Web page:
Turkish Deputy Prime Minister Mehmet Şimşek has claimed that a decision made by the Turkish Central Bank to increase interest rates only had a limited effect on a loss in value of the Turkish lira because of a rumor circulating that the US has decided to fine the state-owned Halkbank.
“The news implying that Halkbank will receive a fine of some $49 billion is false,” Şimşek said on an NTV broadcast on Friday.
“The central bank’s hands are not tied against speculative attacks. It will do what is necessary. Let me highlight this: It has the full support of our government,” Şimşek added.
Halkbank released a statement on Thursday denying rumors circulating on social media that US authorities have fined the bank due to a case that involved the violation of sanctions on Iran.
Mehmet Hakan Atilla, a former executive of Halkbank, was sentenced by a US judge on May 16 to 32 months prison after his conviction of conspiring to violate US sanctions on Iran.
“Of course, right now a great injustice is being done to Halkbank. In particular, HakaAtilla is in no way a criminal,” President Recep Tayyip Erdoğan told Bloomberg TV on May 14, just before the Atilla sentencing decision was announced.
The Turkish lira’s slump to a record low of 4,92 to the dollar on Wednesday was part of a plot against Turkey by mysterious foreign forces, the country’s top diplomat Mevlüt Çavuşoğlu said during a speech to local businessmen on Friday.
The “economic attack” was launched by unnamed forces who “who want to bring Turkey and [President] Recep Tayyip Erdoğan to their knees,” the Turkish foreign minister told a meeting of businessmen in Turkey’s southern province of Antalya, adding that these forces want to force Turkey to take loans from the International Monetary Fund.
“These are games, and we will break them,” said Çavuşoğlu, using a Turkish expression popularly used to refer to conspiracies. The “games” would continue until elections are held on June 24, but Turkey’s economy was too strong to be harmed, he said.
Çavuşoğlu’s words echo prior statements by top Justice and Development Party (AKP) figures including Erdoğan, who also blames the weakening lira on unidentified foreign powers. Financial analysts, however, have linked the lira’s poor performance to the president’s reluctance to raise interest rates to combat the currency’s slide.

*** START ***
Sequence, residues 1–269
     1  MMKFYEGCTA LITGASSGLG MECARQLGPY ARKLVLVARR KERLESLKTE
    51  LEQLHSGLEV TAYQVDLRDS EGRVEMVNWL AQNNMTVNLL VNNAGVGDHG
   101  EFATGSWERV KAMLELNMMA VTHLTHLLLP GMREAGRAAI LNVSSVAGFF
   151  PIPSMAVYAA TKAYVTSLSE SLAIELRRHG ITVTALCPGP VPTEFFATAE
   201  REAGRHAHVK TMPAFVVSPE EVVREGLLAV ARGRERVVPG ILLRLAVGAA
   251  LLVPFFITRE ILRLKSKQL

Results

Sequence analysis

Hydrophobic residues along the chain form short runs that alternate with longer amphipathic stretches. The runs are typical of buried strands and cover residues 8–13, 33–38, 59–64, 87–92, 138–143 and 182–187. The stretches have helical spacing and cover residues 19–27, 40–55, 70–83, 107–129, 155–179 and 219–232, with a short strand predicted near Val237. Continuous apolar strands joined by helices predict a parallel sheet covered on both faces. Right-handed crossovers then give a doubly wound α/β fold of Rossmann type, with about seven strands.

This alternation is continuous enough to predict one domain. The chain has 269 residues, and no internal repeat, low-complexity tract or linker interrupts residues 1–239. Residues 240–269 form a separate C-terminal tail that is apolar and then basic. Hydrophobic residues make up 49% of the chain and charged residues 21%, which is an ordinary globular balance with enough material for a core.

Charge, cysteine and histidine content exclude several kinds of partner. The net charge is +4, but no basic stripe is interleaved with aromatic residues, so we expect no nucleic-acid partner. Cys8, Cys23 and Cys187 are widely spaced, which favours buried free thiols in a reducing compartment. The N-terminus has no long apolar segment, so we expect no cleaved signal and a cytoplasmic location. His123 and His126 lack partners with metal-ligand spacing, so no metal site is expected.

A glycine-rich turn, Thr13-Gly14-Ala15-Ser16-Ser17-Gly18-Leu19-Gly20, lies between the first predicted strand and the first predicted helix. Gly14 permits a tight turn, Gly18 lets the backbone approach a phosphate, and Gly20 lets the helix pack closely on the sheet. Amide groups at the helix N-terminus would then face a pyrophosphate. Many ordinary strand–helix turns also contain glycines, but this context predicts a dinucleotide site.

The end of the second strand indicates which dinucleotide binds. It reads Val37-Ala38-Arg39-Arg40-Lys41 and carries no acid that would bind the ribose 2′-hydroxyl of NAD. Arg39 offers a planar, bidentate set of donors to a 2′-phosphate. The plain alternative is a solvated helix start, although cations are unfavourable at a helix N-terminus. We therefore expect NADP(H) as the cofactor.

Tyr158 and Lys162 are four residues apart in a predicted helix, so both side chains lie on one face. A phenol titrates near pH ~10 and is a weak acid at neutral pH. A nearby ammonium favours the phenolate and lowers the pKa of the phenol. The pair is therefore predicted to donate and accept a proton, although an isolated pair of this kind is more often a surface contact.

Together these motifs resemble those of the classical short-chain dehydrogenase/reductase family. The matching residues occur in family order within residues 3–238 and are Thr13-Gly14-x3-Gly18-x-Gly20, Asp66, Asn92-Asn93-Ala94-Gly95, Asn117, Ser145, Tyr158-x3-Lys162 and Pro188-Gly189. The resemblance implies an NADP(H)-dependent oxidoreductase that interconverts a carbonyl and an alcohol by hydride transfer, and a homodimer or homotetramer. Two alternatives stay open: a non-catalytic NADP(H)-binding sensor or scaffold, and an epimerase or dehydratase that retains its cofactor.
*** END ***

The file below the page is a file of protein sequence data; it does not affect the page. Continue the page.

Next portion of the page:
Meanwhile, the İstanbul Public Prosecutor’s Office today announced the launch of an investigation into social media accounts claiming the United States had decided on the amount to fine the Turkish state-owned Halkbank for its involvement in breaking sanctions on Iran, the left-wing Birgün newspaper reported on Friday.
The prosecutor’s office insisted that no such decision had been made and said that social media users claiming otherwise intended to harm Halkbank, “an important Turkish institution.”
US authorities are set to punish the state-run Halkbank for violating sanctions on Iran after the bank’s former deputy general manager, Mehmet Hakan Atilla, was sentenced to 32 months in prison by a US federal court on May 17.
Atilla was found guilting of setting up mechanisms through Halkbank that allowed Iran to move its money internationally by trading gold and imaginary food exports.
Some Twitter and Facebook users this week shared posts saying that US authorities had decided on the amount of the penalty, much more than the $9 billion that some have been predicting. Some speculate such a fine would potentially be enough to spark a financial crisis.
The posts also claim that the ruling AKP has sent a delegation to the United States asking for the announcement of the verdict to be delayed until after the elections on June 24.
The prosecutor’s office said today that those posts harmed the credibility and reputation of Halkbank and violated Article 107 of Turkish capital markets law regulating fraud. (SCF with turkishminute.com)